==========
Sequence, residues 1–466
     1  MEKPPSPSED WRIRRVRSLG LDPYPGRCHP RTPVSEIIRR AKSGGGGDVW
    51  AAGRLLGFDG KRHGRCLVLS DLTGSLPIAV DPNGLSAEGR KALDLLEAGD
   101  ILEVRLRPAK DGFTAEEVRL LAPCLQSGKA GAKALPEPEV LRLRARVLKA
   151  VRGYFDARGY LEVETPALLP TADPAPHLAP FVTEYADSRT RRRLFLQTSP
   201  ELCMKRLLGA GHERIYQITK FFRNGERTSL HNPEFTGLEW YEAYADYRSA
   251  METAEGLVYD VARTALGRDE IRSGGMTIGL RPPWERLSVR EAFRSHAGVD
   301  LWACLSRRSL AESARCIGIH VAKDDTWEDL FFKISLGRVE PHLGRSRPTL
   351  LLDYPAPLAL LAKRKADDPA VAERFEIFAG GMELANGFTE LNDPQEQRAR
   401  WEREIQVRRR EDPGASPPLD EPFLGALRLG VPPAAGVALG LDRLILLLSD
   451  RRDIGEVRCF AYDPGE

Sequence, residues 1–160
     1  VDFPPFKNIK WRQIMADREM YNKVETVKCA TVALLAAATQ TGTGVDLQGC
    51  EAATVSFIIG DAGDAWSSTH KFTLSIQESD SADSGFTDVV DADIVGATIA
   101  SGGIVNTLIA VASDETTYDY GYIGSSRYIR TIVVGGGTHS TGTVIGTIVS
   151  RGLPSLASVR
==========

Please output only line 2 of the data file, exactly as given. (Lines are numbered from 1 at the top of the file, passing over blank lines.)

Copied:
     1  MEKPPSPSED WRIRRVRSLG LDPYPGRCHP RTPVSEIIRR AKSGGGGDVW